By LORI A. CARTER
THE PRESS DEMOCRAT
Bryant Moynihan, a former Petaluma city councilman and frequent critic of city leaders, is the first candidate to apply to fill the vacancy on the City Council.
Moynihan, a councilman from 2001 to 2004, runs a commercial real estate brokerage and management firm in Petaluma, where he has lived for 25 years.
He has become an outspoken critic of the council, the city manager and city staff members over how the city is run, particularly with regard to the budget and the wastewater treatment plant.
Twice he gathered enough signatures to force citywide votes seeking rollbacks of water or sewer rates, based on his argument that the city has wasted millions of taxpayer dollars. Both measures failed.
The council has a vacancy in its seventh seat since David Glass left his council term early when he was elected mayor in November. The council is scheduled to consider applicants for the appointment to the seventh seat at its Jan. 31 meeting.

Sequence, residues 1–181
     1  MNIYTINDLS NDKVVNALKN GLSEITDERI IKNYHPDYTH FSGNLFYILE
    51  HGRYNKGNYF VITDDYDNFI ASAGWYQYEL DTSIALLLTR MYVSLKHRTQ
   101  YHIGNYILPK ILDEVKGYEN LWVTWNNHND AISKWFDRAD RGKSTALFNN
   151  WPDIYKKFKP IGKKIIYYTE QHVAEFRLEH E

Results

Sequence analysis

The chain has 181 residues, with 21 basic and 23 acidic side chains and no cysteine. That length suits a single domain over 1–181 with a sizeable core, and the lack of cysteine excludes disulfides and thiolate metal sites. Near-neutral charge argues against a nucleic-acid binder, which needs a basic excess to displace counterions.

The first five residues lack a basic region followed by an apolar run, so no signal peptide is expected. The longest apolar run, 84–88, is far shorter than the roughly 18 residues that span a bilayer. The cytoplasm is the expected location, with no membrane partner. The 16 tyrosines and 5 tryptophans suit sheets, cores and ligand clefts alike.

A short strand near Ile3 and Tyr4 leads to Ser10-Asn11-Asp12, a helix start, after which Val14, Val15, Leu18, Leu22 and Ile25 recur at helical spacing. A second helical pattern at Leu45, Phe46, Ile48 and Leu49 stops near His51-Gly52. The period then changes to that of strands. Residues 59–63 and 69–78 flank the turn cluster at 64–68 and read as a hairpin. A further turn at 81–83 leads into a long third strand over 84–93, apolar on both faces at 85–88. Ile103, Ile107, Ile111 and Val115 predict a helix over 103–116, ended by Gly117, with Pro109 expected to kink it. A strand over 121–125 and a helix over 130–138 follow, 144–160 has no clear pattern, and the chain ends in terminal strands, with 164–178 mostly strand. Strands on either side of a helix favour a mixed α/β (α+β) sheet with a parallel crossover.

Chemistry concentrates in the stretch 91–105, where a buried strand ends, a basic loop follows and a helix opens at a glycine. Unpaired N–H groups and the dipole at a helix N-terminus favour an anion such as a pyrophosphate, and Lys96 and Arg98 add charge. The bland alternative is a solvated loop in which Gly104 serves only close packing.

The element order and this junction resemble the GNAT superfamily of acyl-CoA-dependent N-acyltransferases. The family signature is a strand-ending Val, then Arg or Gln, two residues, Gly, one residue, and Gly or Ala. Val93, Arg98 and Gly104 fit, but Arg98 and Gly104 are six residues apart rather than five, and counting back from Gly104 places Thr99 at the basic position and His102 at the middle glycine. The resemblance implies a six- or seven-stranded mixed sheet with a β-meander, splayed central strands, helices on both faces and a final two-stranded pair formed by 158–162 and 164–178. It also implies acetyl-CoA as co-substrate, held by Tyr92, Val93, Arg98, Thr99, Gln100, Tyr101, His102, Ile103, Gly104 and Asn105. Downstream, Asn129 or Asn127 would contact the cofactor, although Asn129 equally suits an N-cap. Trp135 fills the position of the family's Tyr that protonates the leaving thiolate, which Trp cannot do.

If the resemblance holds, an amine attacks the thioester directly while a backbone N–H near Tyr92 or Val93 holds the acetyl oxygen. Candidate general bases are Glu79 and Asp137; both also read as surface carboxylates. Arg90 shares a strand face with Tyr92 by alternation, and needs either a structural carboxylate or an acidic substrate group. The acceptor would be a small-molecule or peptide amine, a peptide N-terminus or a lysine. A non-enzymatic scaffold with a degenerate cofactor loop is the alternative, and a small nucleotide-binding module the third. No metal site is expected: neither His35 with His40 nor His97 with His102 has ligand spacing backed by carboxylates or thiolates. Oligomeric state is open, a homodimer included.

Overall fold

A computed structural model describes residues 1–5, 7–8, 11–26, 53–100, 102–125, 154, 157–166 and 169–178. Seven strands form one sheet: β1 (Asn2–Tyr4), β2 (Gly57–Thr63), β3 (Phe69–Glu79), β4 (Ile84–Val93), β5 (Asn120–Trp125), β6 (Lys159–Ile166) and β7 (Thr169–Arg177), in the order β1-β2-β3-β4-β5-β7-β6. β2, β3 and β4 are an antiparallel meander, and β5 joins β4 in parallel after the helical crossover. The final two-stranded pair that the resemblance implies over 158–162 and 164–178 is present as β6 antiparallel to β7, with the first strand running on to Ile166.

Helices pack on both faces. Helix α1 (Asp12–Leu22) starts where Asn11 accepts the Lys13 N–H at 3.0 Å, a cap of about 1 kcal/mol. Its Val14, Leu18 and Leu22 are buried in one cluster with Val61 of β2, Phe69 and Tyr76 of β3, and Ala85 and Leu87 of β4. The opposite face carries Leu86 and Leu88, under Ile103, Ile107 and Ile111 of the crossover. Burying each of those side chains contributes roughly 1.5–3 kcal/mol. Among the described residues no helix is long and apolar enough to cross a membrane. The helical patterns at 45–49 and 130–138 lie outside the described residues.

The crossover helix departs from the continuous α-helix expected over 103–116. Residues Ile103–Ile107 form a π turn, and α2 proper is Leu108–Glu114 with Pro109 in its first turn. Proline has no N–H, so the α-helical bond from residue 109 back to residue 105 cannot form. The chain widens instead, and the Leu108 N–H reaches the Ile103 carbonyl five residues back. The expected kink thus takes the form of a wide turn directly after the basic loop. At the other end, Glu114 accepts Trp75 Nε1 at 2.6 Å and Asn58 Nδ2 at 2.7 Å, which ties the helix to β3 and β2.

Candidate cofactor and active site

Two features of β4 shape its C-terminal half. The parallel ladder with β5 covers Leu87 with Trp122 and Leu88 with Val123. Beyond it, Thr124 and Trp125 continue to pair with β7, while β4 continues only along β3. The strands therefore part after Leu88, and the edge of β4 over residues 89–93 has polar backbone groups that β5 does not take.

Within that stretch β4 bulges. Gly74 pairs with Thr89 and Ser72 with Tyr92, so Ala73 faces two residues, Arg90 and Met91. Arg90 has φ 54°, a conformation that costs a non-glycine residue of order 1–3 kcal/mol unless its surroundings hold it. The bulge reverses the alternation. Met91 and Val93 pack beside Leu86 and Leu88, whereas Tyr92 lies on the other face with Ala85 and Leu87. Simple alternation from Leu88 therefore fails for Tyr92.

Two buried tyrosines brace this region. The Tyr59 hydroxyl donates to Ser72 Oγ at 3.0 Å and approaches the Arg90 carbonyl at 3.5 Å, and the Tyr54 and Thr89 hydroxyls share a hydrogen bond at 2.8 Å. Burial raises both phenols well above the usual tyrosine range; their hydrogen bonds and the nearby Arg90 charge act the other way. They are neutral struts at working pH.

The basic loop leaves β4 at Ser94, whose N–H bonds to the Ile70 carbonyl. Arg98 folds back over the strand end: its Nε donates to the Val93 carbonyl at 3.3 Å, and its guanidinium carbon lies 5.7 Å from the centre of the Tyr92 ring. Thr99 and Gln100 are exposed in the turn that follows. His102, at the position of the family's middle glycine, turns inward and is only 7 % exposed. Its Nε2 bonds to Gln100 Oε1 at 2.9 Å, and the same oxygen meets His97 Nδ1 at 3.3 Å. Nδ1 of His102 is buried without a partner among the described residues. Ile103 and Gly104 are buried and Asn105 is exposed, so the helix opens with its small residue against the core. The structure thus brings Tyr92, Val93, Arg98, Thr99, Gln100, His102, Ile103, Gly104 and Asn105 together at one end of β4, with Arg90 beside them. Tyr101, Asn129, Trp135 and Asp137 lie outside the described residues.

A Jan. 3 meeting to discuss how to fill the vacancy devolved into a testy 3-3 stalemate of the current six-member council. Its members are split ideologically between those who want strict management of development and those more welcoming of it.
While some political insiders say Moynihan is too polarizing to stand a chance to win the appointment, he stressed his independence from both blocs in his application.
“I offer the currently elected council a unique choice; I will agree to disagree with both political camps on a frequent basis,” he wrote. “And, I will allow both political camps to sway me with logical arguments.”
He also added a colorful critique of the current council’s recent gridlock.
“Our City Council as a body cannot continue to act in such a dysfunctional manner. The future council needs to act in a logical manner and with integrity,” he wrote. “The council needs to stop bickering and dividing itself along political lines. Copious amounts of valium may be a solution. The Council should at least go back to having wine during their dinner breaks and going out together for a drink after the council meeting. Having a council member occasionally fall asleep during the evening meeting is still preferable to watching a dog fight.”
Applications are being accepted until Jan. 20. Four candidates who ran for City Council in November say they will apply for the seat: Jason Davies, Ray Johnson, Gabe Kearney and Karen Nau. Jeff Mayne, who run unsuccessfully for mayor in November, and former Mayor Pam Torliatt, who lost her bid for the Board of Supervisors, are also considering applying.